A mass shooting that killed 11 people on the eve of Lunar New Year in Monterey Park has helped inspire the passage of several gun control bills in Sacramento, including legislation to restrict gun sales by state and local agencies and make it more difficult for convicted criminals to keep guns.
More than half a year after the massacre, several gun control bills appear to be headed to the desk of Gov. Gavin Newsom for his signature, bringing the legislation one step closer to becoming law.
Assemblymember Mike Fong (D-Alhambra), whose district includes Monterey Park, introduced AB 732, AB 733 and AB 1638 this year. The first two measures passed the Senate Appropriations Committee on Sept. 1 and now have to be finalized before leaving the Assembly and being sent to the governor for his approval or veto. AB 1638 already cleared the Legislature and was presented to Newsom on Monday. The governor has not voiced support for Fong's bills but has signed into law other gun control measures in the last few months.
"Thank you to my colleagues and members of the community for your overwhelming support of gun safety," Fong said in a statement.
A gunman, 72-year-old Hemet resident Huu Can Tran, killed 11 people and wounded nine others at a dance studio during a Jan. 21 shooting in Monterey Park, known as the "first suburban Chinatown." Tran died from a self-inflicted gunshot wound in Torrance the next day.
Twelve days before Tran opened fire at Star Ballroom, he went twice to a police station in Hemet and voiced paranoid thoughts to authorities, telling them that his family tried to poison him and had defrauded him, according to documents from the San Gabriel Police Department. He had been arrested in November 1990 on suspicion of illegally possessing a firearm, police records show.
AB 732 would increase the roles of probation officers, prosecuting attorneys and the court to make sure that guns are relinquished after a conviction, meaning the court won't be able to close a case until the firearm has been taken from a convicted criminal. The bill would require a designated person to provide to the California Department of Justice updates about convicts who are prohibited from being armed and about efforts to collect their firearms.
People prohibited from owning firearms include those who were convicted of a violent or felony misdemeanor, who were placed under a domestic violence or any other restraining order or who struggle with severe mental illness.
AB 732 was amended to require the Department of Justice to keep a complete record regarding steps to ensure that a person prohibited from owning a gun no longer has firearms. The Department of Justice will also be allowed to give local law enforcement and the district attorney access to an electronic portal with information about prohibited people.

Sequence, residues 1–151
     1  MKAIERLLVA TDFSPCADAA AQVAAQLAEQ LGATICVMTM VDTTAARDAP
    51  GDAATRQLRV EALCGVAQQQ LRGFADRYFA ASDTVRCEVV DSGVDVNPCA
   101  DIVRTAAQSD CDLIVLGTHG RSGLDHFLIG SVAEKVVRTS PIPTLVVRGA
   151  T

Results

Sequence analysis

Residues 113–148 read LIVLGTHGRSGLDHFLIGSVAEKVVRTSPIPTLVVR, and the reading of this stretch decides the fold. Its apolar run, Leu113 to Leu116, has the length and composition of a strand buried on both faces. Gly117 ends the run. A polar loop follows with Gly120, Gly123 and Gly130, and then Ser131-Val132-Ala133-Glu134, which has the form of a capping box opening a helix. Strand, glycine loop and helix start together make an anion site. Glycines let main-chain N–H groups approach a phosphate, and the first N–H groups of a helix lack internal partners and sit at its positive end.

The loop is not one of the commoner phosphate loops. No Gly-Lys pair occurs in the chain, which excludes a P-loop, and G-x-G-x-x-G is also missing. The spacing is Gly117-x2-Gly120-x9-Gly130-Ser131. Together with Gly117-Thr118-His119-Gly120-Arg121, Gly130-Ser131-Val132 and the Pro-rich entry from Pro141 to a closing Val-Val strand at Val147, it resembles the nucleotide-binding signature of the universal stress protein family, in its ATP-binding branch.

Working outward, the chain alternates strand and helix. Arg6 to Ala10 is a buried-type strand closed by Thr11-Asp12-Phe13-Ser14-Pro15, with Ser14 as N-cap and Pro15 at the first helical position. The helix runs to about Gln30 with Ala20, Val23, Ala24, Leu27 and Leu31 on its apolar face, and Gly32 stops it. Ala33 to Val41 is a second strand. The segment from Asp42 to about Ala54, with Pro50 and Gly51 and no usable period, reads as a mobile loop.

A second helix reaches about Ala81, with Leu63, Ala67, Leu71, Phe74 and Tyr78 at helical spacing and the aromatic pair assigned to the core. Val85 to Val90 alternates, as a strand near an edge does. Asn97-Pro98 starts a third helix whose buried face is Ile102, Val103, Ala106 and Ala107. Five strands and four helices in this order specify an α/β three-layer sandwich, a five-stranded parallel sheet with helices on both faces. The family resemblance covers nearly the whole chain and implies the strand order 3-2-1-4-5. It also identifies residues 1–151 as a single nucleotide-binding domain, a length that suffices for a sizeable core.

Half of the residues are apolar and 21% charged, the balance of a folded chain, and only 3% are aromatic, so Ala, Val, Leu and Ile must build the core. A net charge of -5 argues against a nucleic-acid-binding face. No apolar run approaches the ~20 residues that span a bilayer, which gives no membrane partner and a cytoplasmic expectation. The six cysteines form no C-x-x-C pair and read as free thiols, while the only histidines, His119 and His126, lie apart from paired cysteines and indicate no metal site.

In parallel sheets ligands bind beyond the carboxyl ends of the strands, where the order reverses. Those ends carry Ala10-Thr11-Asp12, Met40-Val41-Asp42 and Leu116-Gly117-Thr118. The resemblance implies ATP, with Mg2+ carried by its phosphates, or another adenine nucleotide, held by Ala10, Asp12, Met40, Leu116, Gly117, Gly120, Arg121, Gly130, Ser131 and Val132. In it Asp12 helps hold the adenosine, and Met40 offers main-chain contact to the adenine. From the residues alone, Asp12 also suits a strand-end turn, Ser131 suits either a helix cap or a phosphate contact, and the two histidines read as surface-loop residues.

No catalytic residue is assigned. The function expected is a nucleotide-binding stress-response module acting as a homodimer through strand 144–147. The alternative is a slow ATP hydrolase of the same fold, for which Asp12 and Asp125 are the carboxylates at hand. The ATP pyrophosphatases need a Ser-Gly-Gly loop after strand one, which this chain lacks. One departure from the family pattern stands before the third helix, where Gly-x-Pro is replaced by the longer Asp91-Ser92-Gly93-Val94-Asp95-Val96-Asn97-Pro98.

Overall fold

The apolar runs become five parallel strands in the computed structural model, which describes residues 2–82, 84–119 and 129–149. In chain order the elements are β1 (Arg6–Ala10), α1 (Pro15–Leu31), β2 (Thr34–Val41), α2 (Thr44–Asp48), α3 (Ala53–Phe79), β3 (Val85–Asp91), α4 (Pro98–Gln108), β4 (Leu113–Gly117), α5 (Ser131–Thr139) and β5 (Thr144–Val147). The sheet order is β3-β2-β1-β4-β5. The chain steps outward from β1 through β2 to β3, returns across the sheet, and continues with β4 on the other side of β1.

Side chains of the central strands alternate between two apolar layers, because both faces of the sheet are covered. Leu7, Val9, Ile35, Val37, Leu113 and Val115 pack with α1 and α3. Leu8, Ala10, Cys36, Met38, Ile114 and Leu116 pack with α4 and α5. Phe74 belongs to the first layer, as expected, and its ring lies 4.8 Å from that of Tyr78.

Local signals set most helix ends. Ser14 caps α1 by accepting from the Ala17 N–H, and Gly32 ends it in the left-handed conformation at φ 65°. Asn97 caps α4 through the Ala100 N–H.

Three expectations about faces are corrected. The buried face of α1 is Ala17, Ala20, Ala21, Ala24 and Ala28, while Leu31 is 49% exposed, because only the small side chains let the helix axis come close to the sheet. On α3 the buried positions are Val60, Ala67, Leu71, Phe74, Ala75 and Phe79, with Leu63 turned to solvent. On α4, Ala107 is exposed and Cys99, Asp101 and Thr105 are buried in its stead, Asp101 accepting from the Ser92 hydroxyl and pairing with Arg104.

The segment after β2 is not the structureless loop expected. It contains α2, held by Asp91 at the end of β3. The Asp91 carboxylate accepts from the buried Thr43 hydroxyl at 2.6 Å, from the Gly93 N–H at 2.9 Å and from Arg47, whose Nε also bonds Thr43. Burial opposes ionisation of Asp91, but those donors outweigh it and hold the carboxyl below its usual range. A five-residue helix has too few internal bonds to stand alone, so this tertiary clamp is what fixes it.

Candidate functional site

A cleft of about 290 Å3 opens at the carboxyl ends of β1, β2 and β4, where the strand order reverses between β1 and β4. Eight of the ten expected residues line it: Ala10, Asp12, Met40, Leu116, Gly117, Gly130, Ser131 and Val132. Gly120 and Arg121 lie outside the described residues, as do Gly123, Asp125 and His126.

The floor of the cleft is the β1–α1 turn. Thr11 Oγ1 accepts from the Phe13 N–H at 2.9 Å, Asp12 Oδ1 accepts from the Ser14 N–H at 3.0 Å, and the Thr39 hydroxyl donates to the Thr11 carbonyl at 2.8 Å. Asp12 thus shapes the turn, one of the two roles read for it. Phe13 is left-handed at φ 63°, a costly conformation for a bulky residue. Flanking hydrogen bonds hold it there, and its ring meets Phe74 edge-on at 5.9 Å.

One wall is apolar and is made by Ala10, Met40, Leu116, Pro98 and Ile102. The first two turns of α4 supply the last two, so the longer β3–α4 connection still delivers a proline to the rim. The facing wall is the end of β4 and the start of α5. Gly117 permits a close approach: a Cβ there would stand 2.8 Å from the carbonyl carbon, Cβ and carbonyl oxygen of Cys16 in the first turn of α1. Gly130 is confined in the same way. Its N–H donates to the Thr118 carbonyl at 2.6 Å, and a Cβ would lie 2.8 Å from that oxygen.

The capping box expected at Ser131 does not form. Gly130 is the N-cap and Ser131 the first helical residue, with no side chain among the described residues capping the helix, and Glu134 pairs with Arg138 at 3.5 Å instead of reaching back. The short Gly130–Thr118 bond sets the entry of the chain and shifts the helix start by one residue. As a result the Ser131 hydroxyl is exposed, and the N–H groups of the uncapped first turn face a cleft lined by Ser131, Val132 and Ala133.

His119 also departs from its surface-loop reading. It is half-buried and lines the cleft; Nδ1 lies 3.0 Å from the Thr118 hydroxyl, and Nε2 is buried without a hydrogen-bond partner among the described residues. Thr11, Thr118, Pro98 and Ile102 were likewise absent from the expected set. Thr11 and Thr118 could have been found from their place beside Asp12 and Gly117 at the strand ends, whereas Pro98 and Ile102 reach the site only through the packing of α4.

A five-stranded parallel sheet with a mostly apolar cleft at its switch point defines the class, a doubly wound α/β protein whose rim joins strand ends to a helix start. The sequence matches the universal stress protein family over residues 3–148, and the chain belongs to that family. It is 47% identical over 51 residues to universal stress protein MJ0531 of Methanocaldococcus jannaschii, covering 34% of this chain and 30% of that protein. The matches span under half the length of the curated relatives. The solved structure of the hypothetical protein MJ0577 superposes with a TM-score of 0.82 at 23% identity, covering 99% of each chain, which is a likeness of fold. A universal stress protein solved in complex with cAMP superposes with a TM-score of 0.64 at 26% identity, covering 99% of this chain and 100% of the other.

AB 733 would prohibit local and state agencies from selling firearms, firearm parts, body armor and ammunition. It was passed with amendments that address law enforcement concerns about officers' ability to purchase their service firearms.
AB 733 was also amended to delay the prohibition of sales by local and state agencies until Jan. 1, 2025, and add certain exemptions to allow government agencies to sell firearms, such as when they sell to a licensed firearm dealer who agrees to resell the items only to a law enforcement agency.
In the event of a disaster or mass shooting in an area where 5% of the population speaks a language other than English, AB 1638 would require that the local agency provide emergency information in the other language spoken by that population.
The Riverside Sheriff's Assn. argued against AB 733, saying that although members "understand the author's perspective about the government being in the business of selling firearms to the public, we believe there are some persons and entities to whom a law enforcement agency should be able to transfer firearms."
The National Rifle Assn. Institute for Legislative Action, the lobbying arm of the NRA, released a statement opposing the passage of AB 732 and AB 733.
"It's important that you contact your legislators and urge their opposition to the many anti-gun bills that could come up for a vote," it said.
This story originally appeared in Los Angeles Times.